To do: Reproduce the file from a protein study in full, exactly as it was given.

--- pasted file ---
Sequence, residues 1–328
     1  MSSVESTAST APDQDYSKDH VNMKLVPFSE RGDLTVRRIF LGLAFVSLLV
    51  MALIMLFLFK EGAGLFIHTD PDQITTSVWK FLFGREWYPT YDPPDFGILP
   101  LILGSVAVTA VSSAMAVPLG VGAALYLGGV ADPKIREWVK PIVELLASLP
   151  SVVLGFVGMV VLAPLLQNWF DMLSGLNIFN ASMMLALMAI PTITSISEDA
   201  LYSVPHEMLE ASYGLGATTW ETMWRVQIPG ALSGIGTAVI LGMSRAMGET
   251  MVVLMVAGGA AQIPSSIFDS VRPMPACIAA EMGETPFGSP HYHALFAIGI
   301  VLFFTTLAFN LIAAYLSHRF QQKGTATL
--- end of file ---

Sequence, residues 1–328
     1  MSSVESTAST APDQDYSKDH VNMKLVPFSE RGDLTVRRIF LGLAFVSLLV
    51  MALIMLFLFK EGAGLFIHTD PDQITTSVWK FLFGREWYPT YDPPDFGILP
   101  LILGSVAVTA VSSAMAVPLG VGAALYLGGV ADPKIREWVK PIVELLASLP
   151  SVVLGFVGMV VLAPLLQNWF DMLSGLNIFN ASMMLALMAI PTITSISEDA
   201  LYSVPHEMLE ASYGLGATTW ETMWRVQIPG ALSGIGTAVI LGMSRAMGET
   251  MVVLMVAGGA AQIPSSIFDS VRPMPACIAA EMGETPFGSP HYHALFAIGI
   301  VLFFTTLAFN LIAAYLSHRF QQKGTATL